“Sometimes, when we seek the gaze of another, it isn’t our partner we’re turning away from, but the person we have become. We’re not looking for another lover so much as another version of ourselves.”

— Esther Perel, a Belgian-American psychotherapist

True love sometimes brings about the unexpected

Forgiveness and redemption can make love even more intense

Forgiveness and redemption can make love even more intense


Something awakened within Peeya that night. The next morning, she made Siddhartha his favourite pancake breakfast, not responding to his proclamations of “ending it” and “loving only Peeya until the end of time”.

It took Peeya five years to allow Siddhartha to touch her again. To trust him again. They had never wanted children, but six years from that fateful day, they were blessed with a baby boy.

No points for guessing who the best man was when they renewed those vows.

Years later, as they made love on a stormy night, Peeya’s mind hearkened back to the words she had uttered to Tina. About Siddhartha wanting to do things to her he never had before. Perhaps she had been too conservative, and not only in matters pertaining to sex. His affair could have been a way of breaking free. Back then, the only question worth asking was: Is Siddhartha still here or elsewhere?

Now, he did not do different things. He did the same things, differently. Missionary had never been more exciting!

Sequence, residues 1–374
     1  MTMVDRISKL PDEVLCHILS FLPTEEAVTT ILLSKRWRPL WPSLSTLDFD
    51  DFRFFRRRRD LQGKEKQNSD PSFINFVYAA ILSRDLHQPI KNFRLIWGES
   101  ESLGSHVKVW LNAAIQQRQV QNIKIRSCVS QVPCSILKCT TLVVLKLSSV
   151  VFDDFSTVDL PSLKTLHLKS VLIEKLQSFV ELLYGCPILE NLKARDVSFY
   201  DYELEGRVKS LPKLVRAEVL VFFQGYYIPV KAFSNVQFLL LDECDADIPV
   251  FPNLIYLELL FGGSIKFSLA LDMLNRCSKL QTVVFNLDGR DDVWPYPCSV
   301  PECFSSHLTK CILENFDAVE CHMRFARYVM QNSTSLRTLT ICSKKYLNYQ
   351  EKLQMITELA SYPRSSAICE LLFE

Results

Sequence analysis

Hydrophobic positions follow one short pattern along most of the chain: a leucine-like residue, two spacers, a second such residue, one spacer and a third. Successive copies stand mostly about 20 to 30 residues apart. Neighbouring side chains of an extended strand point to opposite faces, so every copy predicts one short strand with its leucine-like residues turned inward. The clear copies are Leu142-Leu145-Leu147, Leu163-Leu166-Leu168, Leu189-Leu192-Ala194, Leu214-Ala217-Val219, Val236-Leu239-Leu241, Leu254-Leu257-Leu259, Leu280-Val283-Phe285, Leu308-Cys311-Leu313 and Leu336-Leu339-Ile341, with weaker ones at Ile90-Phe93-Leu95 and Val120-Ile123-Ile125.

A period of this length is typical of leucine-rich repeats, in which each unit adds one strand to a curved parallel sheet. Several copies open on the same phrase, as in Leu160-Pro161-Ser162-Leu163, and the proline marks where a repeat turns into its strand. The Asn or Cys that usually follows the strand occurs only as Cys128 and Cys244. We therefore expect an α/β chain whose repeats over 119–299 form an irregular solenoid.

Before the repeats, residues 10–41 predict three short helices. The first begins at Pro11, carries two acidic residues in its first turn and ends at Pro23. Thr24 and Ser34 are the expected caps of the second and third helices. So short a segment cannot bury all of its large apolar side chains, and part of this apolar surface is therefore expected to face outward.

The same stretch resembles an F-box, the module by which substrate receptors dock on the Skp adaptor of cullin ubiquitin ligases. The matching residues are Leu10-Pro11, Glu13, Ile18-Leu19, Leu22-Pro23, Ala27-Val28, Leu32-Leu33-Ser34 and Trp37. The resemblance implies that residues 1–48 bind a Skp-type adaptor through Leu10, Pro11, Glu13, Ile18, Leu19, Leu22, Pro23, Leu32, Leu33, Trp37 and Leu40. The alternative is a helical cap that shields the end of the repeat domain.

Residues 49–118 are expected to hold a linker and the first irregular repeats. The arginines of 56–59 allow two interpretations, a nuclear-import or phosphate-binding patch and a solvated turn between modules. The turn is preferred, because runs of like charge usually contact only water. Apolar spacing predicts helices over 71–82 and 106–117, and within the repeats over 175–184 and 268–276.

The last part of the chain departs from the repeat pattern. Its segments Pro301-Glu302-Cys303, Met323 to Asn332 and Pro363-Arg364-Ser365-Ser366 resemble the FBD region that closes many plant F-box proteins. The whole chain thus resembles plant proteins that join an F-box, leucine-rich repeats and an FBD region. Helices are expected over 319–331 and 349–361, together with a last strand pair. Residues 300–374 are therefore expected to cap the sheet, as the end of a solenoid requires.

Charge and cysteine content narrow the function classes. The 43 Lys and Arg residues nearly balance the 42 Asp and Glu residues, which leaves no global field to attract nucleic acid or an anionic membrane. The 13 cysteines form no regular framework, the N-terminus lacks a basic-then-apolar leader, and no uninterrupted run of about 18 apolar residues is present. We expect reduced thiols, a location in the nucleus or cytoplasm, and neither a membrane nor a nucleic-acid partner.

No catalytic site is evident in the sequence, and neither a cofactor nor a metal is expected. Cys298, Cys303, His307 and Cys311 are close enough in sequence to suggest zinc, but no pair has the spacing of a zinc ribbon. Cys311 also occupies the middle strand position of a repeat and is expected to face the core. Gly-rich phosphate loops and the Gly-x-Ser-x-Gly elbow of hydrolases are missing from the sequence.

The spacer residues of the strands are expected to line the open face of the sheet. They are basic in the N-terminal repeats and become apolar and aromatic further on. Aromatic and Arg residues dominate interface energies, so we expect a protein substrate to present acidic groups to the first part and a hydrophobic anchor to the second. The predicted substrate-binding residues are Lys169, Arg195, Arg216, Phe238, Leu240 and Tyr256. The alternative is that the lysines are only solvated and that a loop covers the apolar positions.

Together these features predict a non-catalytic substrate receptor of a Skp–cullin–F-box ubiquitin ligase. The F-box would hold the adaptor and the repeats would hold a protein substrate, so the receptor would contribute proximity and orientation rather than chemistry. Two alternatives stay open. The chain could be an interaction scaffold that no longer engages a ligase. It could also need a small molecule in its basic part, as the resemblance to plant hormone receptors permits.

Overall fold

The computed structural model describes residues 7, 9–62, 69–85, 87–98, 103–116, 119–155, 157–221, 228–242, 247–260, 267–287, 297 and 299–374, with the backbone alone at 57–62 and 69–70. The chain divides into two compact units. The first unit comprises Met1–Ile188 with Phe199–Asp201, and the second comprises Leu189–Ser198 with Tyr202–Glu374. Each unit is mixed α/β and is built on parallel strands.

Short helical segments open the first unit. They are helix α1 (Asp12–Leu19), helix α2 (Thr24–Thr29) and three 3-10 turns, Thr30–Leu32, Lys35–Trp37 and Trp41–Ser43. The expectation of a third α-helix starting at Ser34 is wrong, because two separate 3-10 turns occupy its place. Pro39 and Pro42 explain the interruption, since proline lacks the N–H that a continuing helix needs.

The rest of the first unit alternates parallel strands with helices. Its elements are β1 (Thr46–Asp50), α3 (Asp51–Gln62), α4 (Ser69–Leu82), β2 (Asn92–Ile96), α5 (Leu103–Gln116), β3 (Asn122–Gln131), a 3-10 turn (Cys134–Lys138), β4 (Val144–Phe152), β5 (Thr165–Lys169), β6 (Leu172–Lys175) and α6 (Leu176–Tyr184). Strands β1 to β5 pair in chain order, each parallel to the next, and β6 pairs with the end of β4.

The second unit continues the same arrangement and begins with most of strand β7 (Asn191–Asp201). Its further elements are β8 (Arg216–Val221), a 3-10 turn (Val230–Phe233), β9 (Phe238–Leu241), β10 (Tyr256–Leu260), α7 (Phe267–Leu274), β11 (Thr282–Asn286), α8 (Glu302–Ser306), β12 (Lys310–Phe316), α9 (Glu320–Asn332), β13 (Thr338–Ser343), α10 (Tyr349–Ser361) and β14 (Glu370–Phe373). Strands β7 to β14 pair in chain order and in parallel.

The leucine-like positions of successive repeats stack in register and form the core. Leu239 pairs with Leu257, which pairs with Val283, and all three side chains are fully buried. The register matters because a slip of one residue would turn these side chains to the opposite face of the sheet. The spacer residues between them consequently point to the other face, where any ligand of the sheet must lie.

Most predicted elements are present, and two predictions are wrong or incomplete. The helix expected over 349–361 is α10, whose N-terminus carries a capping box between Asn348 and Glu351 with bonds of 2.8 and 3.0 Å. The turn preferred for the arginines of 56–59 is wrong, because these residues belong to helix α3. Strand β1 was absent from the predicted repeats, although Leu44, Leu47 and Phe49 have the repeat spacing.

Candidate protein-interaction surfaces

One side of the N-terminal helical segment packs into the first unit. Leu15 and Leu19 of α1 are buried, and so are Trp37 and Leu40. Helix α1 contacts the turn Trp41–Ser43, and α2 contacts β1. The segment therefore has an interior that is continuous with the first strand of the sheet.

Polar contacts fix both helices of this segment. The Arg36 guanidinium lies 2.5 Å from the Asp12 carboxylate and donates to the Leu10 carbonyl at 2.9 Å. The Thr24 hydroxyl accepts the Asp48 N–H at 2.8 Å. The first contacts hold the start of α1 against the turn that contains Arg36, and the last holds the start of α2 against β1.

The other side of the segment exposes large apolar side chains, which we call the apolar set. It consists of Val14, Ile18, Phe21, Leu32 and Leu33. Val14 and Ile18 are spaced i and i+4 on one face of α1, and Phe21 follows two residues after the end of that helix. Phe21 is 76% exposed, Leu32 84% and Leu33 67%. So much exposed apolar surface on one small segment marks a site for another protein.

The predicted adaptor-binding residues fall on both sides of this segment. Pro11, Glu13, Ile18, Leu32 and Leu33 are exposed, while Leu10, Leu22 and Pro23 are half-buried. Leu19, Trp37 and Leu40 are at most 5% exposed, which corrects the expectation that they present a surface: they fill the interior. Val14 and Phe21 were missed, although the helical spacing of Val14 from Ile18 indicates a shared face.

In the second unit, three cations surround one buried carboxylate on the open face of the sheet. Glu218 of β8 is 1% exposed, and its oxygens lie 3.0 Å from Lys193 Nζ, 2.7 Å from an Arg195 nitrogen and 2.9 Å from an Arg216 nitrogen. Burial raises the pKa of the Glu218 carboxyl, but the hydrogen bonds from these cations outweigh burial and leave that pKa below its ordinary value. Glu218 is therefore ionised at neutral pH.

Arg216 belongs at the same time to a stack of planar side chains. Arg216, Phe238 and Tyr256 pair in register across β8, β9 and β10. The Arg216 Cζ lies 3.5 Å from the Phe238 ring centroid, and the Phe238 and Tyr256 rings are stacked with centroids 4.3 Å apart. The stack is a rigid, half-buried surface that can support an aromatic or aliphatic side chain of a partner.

There is no justifying cheating. As a happily married man, it is something I will never advocate. However, true love sometimes brings about the unexpected. Forgiveness, redemption… Above all, more love.

Peeya and Siddhartha had overcome the darkness that had plagued them for ages. The darkness they made love in brought them solace. They had locked the door, double-checked it to be sure. In case little Ayaan got scared of the lightning.

Right before Peeya climaxed, she thought: “I’m no longer the other woman”. After all, in an enduring love, the “other woman” is the one cheated on, not the other way around.

Rohit Trilokekar is a novelist from Mumbai who flirts with the idea of what it means to love. His heart’s compass swerves ever so often towards Kolkata, the city he believes has the most discerning literary audience.

Last updated on 27.08.23, 11:36 AM